CSS Jackson Remains of the Ram
When you think about the naval aspect of the Civil War you probably don’t often think about Columbus, Georgia. However in Columbus, not far down the way from Ft. Benning is the National Civil War Naval Museum. Filled with many fantastic exhibits of the naval war there is one that stands out. Taking up well over half the display area is the remains of the CSS Jackson. An ironclad ram that was scuttled at the end of the war and raised from the river a hundred years later.
The building of the Jackson was started in Columbus in 1862. Originally it was to be named the Muskcogee. Lack of materials and delays in the building kept it from being commissioned until December 1864. She was then officially named the Jackson. Further lack of men and material kept her out of the fight. April 1865 she was burned and scuttled by a Union raiding party. She never got to see any action in her brief career.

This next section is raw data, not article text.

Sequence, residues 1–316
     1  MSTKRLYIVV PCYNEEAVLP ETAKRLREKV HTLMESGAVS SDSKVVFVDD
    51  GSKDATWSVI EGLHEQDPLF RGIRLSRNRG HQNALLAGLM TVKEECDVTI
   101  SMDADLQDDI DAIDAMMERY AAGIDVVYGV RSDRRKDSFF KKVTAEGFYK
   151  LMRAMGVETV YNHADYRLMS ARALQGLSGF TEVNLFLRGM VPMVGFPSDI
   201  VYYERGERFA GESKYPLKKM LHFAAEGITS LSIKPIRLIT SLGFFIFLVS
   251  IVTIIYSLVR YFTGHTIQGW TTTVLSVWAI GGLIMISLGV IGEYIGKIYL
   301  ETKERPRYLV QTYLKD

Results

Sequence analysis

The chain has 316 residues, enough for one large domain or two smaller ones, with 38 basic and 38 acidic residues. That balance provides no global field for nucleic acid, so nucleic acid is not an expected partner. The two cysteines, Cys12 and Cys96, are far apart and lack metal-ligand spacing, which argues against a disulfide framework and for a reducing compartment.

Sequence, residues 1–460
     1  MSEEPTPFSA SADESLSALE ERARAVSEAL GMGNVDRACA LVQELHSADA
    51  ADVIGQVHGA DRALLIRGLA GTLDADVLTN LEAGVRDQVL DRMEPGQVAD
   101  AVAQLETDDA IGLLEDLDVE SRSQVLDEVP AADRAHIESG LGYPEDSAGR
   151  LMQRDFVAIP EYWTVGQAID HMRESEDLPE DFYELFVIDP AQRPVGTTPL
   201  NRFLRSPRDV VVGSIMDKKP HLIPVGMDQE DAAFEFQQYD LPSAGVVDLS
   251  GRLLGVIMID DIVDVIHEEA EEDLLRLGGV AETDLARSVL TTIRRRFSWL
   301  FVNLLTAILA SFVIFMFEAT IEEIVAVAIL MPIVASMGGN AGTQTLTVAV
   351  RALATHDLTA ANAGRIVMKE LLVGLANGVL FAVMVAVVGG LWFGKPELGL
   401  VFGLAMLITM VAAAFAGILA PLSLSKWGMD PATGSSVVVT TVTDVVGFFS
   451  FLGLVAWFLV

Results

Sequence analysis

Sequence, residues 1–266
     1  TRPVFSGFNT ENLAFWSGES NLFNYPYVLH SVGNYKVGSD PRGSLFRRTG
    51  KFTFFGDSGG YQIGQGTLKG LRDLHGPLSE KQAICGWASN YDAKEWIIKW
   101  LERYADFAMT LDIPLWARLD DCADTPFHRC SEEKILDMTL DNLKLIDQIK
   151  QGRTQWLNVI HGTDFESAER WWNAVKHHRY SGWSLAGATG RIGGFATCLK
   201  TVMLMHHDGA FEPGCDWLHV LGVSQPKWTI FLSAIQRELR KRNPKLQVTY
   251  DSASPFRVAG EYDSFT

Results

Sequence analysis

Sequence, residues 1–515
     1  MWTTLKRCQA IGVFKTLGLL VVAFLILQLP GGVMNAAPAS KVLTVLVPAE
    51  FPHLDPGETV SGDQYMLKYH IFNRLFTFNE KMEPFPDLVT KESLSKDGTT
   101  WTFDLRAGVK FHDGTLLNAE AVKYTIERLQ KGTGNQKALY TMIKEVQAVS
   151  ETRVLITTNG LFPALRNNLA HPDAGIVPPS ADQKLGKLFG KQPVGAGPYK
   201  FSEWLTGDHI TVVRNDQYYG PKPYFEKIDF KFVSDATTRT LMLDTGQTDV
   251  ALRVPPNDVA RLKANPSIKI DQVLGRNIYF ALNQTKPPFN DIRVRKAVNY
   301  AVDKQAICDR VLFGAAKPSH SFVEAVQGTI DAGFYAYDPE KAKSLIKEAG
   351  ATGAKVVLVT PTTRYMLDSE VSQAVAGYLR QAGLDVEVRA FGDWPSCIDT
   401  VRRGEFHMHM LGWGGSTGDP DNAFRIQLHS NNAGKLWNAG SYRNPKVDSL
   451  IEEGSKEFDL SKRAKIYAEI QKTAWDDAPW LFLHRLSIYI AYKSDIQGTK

Built to Ram
The Jackson was designed to be a ram, which is basically as it sounds. Its main weapon was a reinforced prow that would be aimed at an enemy ship. The goal was to hit it hard enough and do enough damage to cause it to sink. It was a lot like how ships in Ancient Greece fought their battles, without all the boarding parties. Besides being an ironclad, which was basically sheets of iron placed on a wooden frame for protection, she was also a screw steamer, which meant instead of wind, she used a propeller for locomotion.
The remaining hull is on display in the museum with a white steel frame hanging over to give you an idea of what the ship looked like back in the day.
For a little more on the CSS Jackson click here.